Rihanna struck gold again when she released her next infectious single "SOS" off her second album, 2006's "A Girl Like Me" — a project that furthered her reputation as a pop artist with even more to prove. Flirting with more R&B elements, she balanced out the upbeat album with slower numbers like "Unfaithful" and "P.S. (I'm Still Not Over You)." This all hinted that the then-teenager had more mature subjects she wished to explore in her music — which she did when she made her bold transformation the following year.

Best Songs:

  • "SOS"
  • "Unfaithful"
  • "Break It Off"
  • "If It's Lovin' That You Want - Pt. 2"
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"Good Girl Gone Bad" (2007)

If Rihanna's first two albums and her first handful of radio hits were her polite introduction to the world, then "Good Girl Gone Bad" saw her unapologetically busting down doors to let people know exactly who she was. It's this defiant era that transformed Rihanna from a sweet charming island girl to a fierce badass who defined her next chapter on her own terms. The "Umbrella" effect, as some put it, reintroduced Rihanna with a brand-new sound to match her sleek look (remember when she cut and dyed her hair without consulting her label?), a signature she's since stuck to with the rest of her album releases. But "Good Girl Gone Bad" as a whole signaled experimentation unlike we'd never seen before. The gamble on Rihanna's third studio offering paid off: thanks to its success, not only did it set the tone for her future artistry, it proved that she could never be put into a box.

Best Songs:

  • "Umbrella" feat. JAY-Z
  • "Don't Stop the Music"
  • "Breakin' Dishes"
  • "Shut Up and Drive"
  • "Hate That I Love You" feat. Ne-Yo
  • "Rehab"
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"Good Girl Gone Bad: Reloaded" (2008)

"Good Girl Gone Bad: Reloaded" is the first and only remixed album Rihanna has ever released, which makes it even more special because it shows how much of an impact that point in time had on her. Well into her fearless era, the rereleased project arrived one year after the original with three bonus hits, each more daring than the last — the dark and sexy "Disturbia"; breakup anthem "Take a Bow"; and pop rock song "If I Never See Your Face Again" with Maroon 5. The deluxe edition signaled a turning point in Rihanna's career and officially marked her departure from the Caribbean sound she started with, though she'd go on to shock the world with other sonic shifts.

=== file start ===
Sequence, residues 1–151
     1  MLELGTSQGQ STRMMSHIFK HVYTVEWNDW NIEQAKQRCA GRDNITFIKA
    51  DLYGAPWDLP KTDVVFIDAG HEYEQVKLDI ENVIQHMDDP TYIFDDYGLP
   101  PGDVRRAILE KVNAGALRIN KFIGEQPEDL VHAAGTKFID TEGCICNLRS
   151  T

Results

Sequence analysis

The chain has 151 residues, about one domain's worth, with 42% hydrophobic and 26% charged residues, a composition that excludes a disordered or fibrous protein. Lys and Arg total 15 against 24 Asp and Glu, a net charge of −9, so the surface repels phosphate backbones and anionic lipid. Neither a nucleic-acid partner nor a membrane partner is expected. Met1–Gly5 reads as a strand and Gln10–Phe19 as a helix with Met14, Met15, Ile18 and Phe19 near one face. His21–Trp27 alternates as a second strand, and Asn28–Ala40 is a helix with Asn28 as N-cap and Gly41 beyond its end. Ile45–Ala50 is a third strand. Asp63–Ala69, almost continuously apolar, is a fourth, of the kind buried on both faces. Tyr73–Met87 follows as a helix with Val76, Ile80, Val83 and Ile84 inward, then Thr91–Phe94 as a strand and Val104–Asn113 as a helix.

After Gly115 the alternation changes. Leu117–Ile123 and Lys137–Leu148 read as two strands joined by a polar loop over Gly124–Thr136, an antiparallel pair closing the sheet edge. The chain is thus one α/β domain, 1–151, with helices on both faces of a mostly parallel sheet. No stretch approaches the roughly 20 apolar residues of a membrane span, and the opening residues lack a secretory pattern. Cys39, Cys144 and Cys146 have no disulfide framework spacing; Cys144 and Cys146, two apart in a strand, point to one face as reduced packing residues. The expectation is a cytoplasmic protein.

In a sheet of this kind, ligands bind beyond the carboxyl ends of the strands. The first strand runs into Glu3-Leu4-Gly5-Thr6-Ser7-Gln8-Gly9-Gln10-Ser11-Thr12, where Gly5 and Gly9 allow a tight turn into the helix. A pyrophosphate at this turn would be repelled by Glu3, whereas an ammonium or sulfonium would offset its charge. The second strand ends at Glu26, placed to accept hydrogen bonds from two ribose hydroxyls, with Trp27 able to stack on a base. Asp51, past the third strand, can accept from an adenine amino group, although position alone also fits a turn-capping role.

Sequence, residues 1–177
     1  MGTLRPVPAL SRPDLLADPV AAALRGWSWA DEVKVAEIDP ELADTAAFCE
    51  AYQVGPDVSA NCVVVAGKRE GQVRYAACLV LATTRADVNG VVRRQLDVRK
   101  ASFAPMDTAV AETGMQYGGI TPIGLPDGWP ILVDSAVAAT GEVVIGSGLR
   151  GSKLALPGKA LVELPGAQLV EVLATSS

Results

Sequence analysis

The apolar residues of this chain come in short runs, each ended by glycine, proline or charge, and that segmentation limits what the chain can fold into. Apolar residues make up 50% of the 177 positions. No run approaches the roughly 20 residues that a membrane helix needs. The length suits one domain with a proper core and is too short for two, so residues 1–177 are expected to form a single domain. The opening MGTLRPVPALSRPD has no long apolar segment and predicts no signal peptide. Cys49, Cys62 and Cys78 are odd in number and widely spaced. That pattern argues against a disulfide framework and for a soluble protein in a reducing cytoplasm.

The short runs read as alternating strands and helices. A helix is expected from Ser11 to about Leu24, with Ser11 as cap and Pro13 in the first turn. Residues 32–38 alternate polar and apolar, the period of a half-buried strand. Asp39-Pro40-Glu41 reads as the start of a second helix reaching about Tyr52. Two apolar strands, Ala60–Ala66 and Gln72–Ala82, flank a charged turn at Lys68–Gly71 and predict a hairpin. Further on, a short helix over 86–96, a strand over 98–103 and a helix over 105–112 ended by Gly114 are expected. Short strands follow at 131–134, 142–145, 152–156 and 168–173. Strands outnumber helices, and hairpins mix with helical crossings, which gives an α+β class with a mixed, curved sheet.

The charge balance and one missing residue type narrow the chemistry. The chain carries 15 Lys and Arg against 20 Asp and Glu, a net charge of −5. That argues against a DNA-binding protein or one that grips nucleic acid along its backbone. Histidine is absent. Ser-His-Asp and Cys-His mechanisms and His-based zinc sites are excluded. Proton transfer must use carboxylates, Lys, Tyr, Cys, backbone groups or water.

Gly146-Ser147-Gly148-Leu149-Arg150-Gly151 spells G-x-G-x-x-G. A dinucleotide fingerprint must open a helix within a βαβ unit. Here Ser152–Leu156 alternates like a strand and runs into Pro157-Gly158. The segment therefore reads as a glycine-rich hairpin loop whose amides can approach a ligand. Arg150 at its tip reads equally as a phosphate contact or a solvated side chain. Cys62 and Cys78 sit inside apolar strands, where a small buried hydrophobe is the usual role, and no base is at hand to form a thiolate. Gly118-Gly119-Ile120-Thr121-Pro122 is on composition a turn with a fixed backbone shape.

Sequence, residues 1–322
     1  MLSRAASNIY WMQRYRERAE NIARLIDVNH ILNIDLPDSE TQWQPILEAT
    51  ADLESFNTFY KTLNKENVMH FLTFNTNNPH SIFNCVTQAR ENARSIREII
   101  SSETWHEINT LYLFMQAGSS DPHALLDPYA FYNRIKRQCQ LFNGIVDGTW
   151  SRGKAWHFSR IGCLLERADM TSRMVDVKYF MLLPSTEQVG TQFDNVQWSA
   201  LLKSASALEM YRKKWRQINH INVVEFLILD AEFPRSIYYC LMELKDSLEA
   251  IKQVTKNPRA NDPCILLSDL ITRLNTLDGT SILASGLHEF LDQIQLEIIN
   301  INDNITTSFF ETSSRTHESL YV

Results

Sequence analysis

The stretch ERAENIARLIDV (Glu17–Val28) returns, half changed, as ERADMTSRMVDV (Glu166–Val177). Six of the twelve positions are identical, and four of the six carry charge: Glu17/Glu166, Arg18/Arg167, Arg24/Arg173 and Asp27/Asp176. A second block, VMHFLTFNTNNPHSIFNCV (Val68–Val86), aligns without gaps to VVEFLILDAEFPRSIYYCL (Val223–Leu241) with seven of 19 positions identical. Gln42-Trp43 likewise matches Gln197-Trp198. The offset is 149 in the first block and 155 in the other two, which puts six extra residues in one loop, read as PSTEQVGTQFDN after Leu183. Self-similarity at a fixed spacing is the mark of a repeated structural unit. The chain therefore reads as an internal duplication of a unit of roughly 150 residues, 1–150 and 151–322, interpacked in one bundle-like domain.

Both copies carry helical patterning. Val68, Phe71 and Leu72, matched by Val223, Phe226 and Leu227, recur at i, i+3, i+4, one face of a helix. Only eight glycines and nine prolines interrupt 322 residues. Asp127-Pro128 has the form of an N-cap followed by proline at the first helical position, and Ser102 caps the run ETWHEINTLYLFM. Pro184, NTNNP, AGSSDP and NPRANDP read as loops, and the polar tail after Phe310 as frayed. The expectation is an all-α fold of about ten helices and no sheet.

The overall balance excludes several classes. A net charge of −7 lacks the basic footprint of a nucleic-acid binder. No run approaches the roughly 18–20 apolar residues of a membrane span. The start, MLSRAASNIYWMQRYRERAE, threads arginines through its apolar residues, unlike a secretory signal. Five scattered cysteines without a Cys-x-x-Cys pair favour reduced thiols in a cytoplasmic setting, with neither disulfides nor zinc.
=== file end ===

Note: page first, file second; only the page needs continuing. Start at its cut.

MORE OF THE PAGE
Best Songs:

  • "Disturbia"
  • "Take a Bow"
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"Rated R" (2009)

With "Rated R," Rihanna traded in her mainstream pop appeal to release a dark, explicit, and deeply therapeutic album about postrelationship issues in the wake of ex-boyfriend Chris Brown pleading guilty to physically assaulting her. The singer's grim fourth album completed her "good girl gone badass" transformation and only further proved just how uninterested she was in sticking to the status quo. Rihanna's goth coming-of-age manifesto was the most adventurous she'd been musically up until that point, and also the most vulnerable. The album made a bold statement about her independence, but most of all, it demonstrated how committed she was to cementing herself as a global icon.

Best Songs:

  • "Hard" feat. Jeezy
  • "Rockstar 101" feat. Slash
  • "Russian Roulette"
  • "Rude Boy"
  • "Te Amo"
  • "Cold Case Love"
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"Loud" (2010)